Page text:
The key to medical coverage for all is regulation and not socialization. With regulation the current system would be more affordable and without regulation Medicare for all will fail. While Canada provides Medicare for all, it is under the auspices of the provincial governments, and is highly regulated with cost/fee caps. Canada has low federal taxes, but generally high provincial taxes, because the provinces pay for Medicare for all.
Furthermore, emergency rooms in poor areas have been overburdened in Canada, because the working poor generally find it easier to go to the ER, rather than going to a doctor. Walk-in clinics have attempted to help this problem, but there is apparently no incentive to encourage people not to use the ER. (They apparently have issues with their nursing home care services, too).
Without cost caps Medicaid and Medicare are unsustainable, without even speaking of Medicare for All. Not only are US doctors allowed to overcharge, as compared to most other countries, some doctors overcharge Medicaid-Medicare above what they are allowed 
The cost of medical school should be reduced or ideally made free. Drug costs should also be reduced with cost caps. An extension of patents might allow drug developers to recuperate investment without high costs.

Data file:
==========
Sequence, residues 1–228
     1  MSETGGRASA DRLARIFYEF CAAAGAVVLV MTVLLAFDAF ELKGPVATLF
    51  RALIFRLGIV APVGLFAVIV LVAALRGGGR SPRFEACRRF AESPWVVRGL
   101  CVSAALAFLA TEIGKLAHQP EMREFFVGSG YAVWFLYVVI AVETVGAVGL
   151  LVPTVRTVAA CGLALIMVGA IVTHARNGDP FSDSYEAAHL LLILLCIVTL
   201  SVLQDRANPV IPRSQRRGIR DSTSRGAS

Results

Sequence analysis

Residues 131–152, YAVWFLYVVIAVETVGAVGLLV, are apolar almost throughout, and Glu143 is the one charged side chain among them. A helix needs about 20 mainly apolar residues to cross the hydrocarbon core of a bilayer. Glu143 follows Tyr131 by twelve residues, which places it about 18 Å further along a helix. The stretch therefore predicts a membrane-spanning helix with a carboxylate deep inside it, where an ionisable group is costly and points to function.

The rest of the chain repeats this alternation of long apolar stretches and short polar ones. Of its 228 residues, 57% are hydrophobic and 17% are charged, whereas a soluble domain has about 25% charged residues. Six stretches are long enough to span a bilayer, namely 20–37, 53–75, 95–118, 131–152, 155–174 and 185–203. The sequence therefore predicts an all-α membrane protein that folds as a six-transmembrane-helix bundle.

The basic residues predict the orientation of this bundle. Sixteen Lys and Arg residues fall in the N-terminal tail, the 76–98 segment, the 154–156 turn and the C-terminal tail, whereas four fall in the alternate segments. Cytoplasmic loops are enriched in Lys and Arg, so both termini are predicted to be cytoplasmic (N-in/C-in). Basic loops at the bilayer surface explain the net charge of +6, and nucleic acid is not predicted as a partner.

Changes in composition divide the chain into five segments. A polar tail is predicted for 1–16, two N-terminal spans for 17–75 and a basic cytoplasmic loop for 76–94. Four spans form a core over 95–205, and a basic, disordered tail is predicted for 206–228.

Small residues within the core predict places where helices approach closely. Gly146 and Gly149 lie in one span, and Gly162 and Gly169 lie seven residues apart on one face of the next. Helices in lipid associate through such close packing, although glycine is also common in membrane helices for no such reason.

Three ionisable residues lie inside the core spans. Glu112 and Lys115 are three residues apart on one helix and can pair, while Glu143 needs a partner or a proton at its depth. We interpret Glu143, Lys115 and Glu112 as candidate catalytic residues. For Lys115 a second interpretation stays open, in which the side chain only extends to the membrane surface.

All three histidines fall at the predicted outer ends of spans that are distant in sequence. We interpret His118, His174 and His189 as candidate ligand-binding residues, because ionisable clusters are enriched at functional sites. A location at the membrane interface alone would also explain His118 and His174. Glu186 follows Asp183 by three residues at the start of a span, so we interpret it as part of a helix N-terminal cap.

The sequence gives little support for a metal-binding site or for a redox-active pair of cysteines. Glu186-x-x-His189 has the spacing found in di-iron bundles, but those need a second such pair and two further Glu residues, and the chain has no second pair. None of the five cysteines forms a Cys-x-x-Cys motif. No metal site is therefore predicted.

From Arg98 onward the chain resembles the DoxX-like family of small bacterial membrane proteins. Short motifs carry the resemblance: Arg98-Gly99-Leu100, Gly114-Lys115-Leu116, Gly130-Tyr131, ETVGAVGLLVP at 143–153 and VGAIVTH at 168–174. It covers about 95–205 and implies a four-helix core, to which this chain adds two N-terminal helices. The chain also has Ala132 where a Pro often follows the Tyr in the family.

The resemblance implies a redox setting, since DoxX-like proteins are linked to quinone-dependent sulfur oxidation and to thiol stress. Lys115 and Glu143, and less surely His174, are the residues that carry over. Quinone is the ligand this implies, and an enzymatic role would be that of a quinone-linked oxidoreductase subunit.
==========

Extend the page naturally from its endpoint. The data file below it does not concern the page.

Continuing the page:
Bernie Sanders’ ignorance of Canada is simply astounding considering that he lives right across the border. He came back from the Soviet Union praising their metro (subway) system, whereas he could have driven 95 miles to Montreal and seen an amazing metro system. Furthermore, Vickers appears to have been involved with creating both of them: “The main engineering designs, routes, and construction plans [for the Moscow Metro] were handled by specialists recruited from the London Underground“. https://en.wikipedia.org/wiki/Moscow_Metro